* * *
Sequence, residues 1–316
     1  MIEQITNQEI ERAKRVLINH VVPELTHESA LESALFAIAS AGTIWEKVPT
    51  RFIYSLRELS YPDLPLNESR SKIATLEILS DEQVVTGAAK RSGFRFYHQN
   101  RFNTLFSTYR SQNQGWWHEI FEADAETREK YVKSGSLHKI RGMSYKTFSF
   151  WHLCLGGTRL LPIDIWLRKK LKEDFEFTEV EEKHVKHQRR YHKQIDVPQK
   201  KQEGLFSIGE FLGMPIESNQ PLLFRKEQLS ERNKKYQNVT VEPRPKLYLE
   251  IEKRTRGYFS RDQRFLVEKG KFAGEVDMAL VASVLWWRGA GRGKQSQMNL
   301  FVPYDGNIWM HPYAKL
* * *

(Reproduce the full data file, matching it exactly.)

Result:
Sequence, residues 1–316
     1  MIEQITNQEI ERAKRVLINH VVPELTHESA LESALFAIAS AGTIWEKVPT
    51  RFIYSLRELS YPDLPLNESR SKIATLEILS DEQVVTGAAK RSGFRFYHQN
   101  RFNTLFSTYR SQNQGWWHEI FEADAETREK YVKSGSLHKI RGMSYKTFSF
   151  WHLCLGGTRL LPIDIWLRKK LKEDFEFTEV EEKHVKHQRR YHKQIDVPQK
   201  KQEGLFSIGE FLGMPIESNQ PLLFRKEQLS ERNKKYQNVT VEPRPKLYLE
   251  IEKRTRGYFS RDQRFLVEKG KFAGEVDMAL VASVLWWRGA GRGKQSQMNL
   301  FVPYDGNIWM HPYAKL